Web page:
Sometimes the first version of a story is not the best. In 1984, John Milius directed and co-wrote (with Kevin Reynolds) Red Dawn, about an invasion of the US by Soviet and Cuban troops. By focusing on a small group of resistance fighters, it ignored the logistics problem of how such an attack could have been launched from Mexico without anyone noticing. (Anyone who’s ever played Risk knows you would have to mass huge forces for such an invasion.) Red Dawn made it into the Guinness Book of World Records as the most violent movie ever made, with 2.2 violent acts per minute, and was the first movie released with a PG-13 rating. The studio insisted on adding a feel-good Cliff Notes ending to wrap up the story, but it was awkward and contrived. However, in the last days of the Cold War, the film was a popular success. Last year MGM released a remake, but it tanked at the box office.
However, in 1995, Australian author John Marsden took the base concept and transferred it to Australia for the award-winning “Tomorrow” series of seven YA novels. (He followed it up with a three-book arc looking at the psychological fallout of the war on the book’s main character.) The concept was more realistic in Australia; during World War II the Japanese bombarded Northern Australia and threatened to invade until the Allies stopped them at New Guinea. The movie version of the first book, Tomorrow, When The War Began, was released in 2010.
Teenagers Ellie Linton (Caitlin Stasey) and her best friend Corrie (Rachel Hurd-Wood) make plans for a pre-college camping trip into the mountainous backwoods area outside their home town of Wirrawee, near the port of Cobbler’s Bay. Corrie is hoping the trip will give her time with her boyfriend Kevin (Lincoln Lewis), but the girls’ parents insist on a larger party before they let them go. In the end there are seven who make the trip, including: Homer Yannos (Deniz Akdeniz), Ellie’s neighbor who’s the bad boy in town; Fiona Maxwell (Phoebe Tonkin), a beauty whose mother has given her self-esteem issues; Lee Takkam (Chris Pang), a studious pianist who works in his family’s restaurant; and Robyn Mathers (Ashleigh Cummings), the daughter of a preacher.
The seven set out on their adventure with an air of carefree delight, heading to an isolated area known locally as Hell. This being Australia, they do have a run-in with a deadly snake that almost bites Ellie, but she’s saved by Lee. On the night before they head home, Ellie is awakened by the sound of a large number of planes flying overhead, but she goes back to sleep without thinking much about it.
They return to Ellie’s house outside Wirrawee, only to find her family gone and her dog dead in the driveway. They go on to Homer’s and Corrie’s homes and find the families there have also disappeared. When night comes, they sneak into town. Ellie, Corrie and Kevin find everyone in the town and the surrounding area have been placed in a concentration camp at the town’s fairgrounds, guarded by foreign troops. As they watch, a townsperson is summarily executed by a soldier.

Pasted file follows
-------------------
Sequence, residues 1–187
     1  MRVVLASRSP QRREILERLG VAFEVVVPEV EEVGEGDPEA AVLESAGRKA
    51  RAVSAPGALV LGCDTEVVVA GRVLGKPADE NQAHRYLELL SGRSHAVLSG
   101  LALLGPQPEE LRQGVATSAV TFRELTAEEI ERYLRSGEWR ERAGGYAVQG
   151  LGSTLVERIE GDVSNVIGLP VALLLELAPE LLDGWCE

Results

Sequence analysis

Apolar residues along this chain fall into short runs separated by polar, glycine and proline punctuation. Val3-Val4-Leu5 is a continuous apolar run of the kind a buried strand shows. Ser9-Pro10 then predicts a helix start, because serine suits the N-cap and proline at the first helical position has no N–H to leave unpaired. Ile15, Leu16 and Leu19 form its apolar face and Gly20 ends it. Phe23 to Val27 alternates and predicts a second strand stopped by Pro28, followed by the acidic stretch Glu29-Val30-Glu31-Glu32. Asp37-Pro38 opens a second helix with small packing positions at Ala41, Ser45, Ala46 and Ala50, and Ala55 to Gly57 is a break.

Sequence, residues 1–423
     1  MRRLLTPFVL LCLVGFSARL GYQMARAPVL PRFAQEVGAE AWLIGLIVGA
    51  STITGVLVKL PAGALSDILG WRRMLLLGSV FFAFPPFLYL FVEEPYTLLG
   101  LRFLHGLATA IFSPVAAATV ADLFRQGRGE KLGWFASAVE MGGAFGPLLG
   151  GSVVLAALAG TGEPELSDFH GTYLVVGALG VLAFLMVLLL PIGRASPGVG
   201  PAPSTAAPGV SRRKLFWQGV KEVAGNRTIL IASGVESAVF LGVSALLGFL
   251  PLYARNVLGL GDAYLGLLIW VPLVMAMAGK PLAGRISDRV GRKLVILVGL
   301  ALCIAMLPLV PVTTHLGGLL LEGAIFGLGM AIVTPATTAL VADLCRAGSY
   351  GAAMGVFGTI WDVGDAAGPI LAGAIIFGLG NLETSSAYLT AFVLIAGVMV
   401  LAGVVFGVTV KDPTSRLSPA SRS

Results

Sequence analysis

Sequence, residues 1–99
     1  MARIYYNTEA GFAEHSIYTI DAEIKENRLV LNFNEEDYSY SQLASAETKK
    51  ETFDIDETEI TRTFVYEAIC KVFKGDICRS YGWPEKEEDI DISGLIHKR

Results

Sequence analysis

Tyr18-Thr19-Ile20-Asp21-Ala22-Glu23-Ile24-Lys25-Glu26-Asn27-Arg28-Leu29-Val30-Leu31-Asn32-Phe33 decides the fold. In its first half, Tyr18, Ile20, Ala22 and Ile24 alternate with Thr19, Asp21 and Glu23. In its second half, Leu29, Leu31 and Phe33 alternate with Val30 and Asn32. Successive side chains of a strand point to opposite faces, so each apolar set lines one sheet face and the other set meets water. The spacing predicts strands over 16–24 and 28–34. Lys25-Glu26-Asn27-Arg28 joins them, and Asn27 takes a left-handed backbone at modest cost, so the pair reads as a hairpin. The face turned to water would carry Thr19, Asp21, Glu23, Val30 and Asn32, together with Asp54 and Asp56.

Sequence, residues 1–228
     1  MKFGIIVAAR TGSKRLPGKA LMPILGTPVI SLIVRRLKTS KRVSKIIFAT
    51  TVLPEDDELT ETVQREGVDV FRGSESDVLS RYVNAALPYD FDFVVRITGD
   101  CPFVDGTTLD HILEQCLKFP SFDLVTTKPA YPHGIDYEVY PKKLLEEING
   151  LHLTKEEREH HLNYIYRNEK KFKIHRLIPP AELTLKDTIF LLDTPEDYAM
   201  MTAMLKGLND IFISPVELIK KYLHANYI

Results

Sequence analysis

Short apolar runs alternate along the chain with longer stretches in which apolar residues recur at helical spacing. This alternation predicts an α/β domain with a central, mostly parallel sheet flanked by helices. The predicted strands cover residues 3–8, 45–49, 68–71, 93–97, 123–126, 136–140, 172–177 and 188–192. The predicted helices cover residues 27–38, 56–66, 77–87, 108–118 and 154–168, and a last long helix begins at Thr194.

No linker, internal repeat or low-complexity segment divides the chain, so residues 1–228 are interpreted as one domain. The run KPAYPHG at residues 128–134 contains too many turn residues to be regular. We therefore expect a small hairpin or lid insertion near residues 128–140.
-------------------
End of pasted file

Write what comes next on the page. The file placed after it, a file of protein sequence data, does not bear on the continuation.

Stuart Beatie both directed the film as well as adapted the screenplay. Beatie has worked on the scripts for all the Pirates of the Caribbean movies, and he wrote the excellent Michael Mann thriller Collateral. (Trivia: he also attended the same Australian high school as Hugh Jackman and Hugo Weaving.) While the movie is, if anything, more intense than Red Dawn, Beatie blends in humor with the story. He carefully delineates each of the main character, and keeps them realistic throughout the movie. They don’t go to bed as Ferris Bueller and wake up as Rambo. Their morphing into resistance fighters is the story of the movie, rather than being casually accepted early in the Milius’s movie. The invaders are never identified in the film, which is more effective than tying them to a certain group.
Caitlin Stasey is fascinating to watch as Ellie, who becomes the de facto leader of the group. Even with all she has to do to keep the group safe and eventually take the fight back to the invaders, she must also deal with her awakening feelings for Lee. When she kills soldiers pursuing her, Kevin and Corrie through the town, it carries an emotional price. She’s not going to dismiss it with a casual Hollywood “Yippee ki yay, @*&!#.”
Tomorrow has been playing on Showtime, and can be rented or purchased on Amazon. A sequel has been announced, based on the second book in the series, “In the Dead of Night.” Beatie will again helm the picture, with the same cast, but it’s still in preproduction. Hopefully it will come along soon.